Once Edvard knew we were from Scotland he was keen to exchange news and views. Regional conflicts in Spain are not rare, especially between the Basque territory and Madrid. The dispute was violent and the terrorist group Euskadi Ta Askatasuna (ETA) undertook a series of attacks to press their claim for independence. In January 2011 ETA ended their campaign and pledged that there would be a permanent ceasefire.

There has never been any suggestion, as far as we could establish, that the Catalonia

Revolution of smiles

independence movement has been involved in similar violence or terrorism. In spite if this Catalan politicians and students have been arrested for terrorist crimes and for sedition. Peaceful protests have been met with a police response which can only be described as brutality. We are surprised at the lack of condemnation of these actions by the international community, especially from the EU, the UK and the USA, countries which have been quick to condemn the subjugation of similar independence movements elsewhere in the world. I applaud the action of the Nordic Council, which, while not endorsing the call for independence, has called for a new government to be established to end the “tensions caused by the judicialization of politics”.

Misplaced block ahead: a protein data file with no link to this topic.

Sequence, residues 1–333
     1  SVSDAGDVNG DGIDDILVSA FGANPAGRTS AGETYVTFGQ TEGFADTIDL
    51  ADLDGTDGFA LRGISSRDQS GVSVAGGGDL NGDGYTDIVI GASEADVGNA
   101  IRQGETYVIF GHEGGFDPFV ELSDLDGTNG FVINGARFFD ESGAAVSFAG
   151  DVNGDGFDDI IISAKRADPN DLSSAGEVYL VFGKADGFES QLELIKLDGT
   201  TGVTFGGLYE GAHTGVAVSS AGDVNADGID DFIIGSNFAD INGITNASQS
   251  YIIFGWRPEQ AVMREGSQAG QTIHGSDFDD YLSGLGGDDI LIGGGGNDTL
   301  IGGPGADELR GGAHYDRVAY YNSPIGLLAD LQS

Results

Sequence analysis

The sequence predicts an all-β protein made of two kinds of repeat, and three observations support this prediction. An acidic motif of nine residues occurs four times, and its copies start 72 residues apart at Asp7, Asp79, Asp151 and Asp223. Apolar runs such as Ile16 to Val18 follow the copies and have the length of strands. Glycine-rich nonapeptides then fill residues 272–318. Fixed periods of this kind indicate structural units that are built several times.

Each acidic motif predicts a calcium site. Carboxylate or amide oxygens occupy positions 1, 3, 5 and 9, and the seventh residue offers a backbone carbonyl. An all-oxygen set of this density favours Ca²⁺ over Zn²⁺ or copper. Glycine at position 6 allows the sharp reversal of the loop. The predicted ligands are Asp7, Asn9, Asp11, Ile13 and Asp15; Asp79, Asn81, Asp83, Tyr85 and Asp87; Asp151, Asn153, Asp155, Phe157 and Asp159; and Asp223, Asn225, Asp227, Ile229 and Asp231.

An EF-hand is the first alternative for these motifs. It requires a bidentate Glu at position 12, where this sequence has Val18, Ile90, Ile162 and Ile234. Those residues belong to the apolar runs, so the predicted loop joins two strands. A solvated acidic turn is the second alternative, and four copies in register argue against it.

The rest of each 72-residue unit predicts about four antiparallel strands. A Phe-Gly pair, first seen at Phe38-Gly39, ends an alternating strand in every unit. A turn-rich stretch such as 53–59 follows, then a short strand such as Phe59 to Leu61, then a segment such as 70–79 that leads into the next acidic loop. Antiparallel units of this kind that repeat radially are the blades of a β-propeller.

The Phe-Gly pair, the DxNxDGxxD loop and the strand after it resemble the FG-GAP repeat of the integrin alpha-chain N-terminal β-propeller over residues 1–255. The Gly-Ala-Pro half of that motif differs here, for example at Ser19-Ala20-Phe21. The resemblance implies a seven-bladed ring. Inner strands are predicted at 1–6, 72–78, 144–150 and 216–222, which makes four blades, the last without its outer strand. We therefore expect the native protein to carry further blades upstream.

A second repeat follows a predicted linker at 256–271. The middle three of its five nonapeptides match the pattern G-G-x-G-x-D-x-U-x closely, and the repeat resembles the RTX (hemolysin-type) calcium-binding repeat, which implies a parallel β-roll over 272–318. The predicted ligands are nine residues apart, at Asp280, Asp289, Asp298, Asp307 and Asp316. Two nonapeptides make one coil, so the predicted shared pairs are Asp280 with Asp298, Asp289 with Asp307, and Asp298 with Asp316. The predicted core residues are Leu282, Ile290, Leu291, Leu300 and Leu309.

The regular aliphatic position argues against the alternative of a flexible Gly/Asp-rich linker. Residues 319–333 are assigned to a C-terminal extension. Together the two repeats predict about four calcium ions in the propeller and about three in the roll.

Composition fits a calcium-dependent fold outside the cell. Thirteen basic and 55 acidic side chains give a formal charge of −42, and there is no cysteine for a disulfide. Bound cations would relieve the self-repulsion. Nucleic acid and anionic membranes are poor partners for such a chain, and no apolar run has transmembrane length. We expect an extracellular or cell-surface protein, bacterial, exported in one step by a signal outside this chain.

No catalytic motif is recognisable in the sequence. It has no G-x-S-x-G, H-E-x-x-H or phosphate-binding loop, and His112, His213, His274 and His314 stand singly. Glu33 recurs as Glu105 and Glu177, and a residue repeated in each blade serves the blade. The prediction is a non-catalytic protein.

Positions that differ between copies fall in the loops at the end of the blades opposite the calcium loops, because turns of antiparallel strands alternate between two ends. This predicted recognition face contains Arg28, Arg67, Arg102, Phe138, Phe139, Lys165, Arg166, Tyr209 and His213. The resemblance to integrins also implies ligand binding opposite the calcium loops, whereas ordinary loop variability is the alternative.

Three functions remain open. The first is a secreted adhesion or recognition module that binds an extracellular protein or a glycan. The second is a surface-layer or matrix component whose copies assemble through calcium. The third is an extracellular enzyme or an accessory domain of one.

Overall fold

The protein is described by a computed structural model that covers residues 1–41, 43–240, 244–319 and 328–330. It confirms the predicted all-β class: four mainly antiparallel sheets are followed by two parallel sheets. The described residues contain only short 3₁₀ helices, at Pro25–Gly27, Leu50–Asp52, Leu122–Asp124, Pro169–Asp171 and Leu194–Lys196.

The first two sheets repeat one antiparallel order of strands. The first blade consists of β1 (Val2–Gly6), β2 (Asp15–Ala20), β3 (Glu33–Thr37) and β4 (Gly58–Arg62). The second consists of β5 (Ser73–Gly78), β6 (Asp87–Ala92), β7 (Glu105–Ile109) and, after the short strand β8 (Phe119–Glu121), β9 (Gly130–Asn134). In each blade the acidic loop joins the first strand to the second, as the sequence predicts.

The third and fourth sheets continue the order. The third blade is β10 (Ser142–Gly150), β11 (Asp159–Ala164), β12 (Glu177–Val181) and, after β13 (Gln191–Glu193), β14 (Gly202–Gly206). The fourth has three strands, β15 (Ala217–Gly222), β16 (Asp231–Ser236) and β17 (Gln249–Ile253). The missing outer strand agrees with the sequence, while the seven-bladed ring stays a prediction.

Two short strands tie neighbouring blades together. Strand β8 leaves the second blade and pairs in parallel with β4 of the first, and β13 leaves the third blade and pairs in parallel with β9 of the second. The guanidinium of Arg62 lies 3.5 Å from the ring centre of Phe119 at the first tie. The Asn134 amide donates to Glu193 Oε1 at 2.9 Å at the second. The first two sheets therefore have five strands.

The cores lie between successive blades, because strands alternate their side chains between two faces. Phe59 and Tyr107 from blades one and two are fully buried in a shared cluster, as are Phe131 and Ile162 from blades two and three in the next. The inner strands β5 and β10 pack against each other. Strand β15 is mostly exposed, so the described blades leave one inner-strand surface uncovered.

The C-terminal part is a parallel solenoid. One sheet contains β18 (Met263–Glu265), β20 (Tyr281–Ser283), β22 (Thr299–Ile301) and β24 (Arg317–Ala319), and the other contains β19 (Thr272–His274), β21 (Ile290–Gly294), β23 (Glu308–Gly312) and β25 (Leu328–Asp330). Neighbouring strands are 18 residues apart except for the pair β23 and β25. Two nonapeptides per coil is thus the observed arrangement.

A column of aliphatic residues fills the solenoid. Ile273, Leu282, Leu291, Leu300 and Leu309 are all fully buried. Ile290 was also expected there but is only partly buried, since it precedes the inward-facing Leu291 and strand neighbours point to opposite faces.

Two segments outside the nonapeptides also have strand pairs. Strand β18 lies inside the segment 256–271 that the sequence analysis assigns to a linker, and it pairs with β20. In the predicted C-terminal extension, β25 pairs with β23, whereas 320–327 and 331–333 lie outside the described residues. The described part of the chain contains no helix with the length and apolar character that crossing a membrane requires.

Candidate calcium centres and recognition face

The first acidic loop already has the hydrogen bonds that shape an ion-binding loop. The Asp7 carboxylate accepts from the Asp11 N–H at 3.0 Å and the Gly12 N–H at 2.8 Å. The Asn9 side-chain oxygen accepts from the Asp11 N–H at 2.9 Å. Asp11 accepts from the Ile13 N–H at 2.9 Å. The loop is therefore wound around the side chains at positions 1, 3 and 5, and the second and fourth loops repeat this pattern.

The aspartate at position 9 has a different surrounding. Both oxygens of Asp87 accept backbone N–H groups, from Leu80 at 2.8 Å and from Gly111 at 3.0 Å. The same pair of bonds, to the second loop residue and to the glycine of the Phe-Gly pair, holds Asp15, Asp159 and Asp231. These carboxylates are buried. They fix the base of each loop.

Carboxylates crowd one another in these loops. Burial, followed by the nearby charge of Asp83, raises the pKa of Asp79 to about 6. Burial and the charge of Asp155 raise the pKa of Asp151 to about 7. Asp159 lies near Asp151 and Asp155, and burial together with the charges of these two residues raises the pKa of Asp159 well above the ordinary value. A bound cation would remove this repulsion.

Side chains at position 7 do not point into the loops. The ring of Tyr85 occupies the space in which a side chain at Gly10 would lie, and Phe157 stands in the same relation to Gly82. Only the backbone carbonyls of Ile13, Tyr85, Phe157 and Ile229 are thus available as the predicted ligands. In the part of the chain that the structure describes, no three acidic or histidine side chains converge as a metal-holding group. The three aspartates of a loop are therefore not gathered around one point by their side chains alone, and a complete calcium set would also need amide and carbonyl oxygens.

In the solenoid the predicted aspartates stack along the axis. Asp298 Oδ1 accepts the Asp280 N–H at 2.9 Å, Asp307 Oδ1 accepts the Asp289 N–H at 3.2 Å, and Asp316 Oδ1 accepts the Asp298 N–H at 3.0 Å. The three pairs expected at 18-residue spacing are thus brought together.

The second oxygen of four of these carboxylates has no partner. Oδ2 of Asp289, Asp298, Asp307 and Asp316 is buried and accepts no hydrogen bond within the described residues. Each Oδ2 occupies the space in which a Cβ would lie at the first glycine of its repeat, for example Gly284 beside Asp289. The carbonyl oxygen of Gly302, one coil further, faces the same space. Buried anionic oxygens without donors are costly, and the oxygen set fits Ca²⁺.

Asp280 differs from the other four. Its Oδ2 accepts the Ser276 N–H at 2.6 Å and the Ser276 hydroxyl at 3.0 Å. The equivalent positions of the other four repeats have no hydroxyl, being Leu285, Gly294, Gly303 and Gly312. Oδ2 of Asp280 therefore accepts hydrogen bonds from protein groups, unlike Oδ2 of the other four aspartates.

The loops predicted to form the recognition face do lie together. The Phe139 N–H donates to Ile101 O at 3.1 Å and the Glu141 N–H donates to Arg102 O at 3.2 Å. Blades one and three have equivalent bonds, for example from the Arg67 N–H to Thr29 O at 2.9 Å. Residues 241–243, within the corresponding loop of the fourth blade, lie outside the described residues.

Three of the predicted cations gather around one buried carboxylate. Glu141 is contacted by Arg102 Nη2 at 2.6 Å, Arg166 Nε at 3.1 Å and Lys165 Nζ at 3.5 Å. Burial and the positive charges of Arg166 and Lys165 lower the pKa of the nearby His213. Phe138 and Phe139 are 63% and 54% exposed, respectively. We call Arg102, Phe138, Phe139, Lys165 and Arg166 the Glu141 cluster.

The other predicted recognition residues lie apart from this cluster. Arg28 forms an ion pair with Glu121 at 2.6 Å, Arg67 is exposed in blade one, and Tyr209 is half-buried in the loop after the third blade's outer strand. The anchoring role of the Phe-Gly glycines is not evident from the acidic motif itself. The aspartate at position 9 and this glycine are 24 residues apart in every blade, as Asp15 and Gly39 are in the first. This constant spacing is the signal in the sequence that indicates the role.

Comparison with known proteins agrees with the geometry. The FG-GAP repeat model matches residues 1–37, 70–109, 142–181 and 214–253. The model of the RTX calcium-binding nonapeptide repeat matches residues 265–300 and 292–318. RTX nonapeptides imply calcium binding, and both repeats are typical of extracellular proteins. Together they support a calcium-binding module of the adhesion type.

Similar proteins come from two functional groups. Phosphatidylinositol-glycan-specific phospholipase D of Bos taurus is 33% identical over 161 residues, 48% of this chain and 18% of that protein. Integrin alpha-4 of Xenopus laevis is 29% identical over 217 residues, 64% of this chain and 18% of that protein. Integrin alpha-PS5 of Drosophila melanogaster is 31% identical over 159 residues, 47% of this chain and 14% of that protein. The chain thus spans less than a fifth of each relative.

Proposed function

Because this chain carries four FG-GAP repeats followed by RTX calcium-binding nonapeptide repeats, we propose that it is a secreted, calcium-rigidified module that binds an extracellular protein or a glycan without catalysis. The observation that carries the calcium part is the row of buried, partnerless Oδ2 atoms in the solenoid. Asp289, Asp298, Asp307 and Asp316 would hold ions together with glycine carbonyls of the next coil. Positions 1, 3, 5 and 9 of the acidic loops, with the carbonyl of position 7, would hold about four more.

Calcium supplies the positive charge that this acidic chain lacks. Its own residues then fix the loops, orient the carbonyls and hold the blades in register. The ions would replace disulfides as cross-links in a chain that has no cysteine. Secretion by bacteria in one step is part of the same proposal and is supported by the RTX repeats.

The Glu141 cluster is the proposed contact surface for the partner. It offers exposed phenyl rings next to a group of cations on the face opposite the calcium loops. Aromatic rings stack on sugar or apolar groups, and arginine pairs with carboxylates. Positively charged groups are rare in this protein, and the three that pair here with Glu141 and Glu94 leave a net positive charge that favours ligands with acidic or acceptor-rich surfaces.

The situation in Spain raises questions which also apply in the UK, especially those relating to how power is exercised in federal states. How should Westminster respond to the Scots desire to stay in the EU for example, given that the vote was 62% to 38% in favour.

Many of you will be aware that Homage to Catalonia is a book by
George Orwell, documenting his experiences in the Spanish Civil War. There is not a state of war in Spain, but unless the rights of individuals to free expression without the risk of internment, tensions could worsen. In a democracy sedition is not a crime. Let us hope for a peaceful resolution to the conflict.


  1. To “embrace the culture” means tae lairn the langage – sae ye’ll baith noo bi spikin guid Scots nae doot?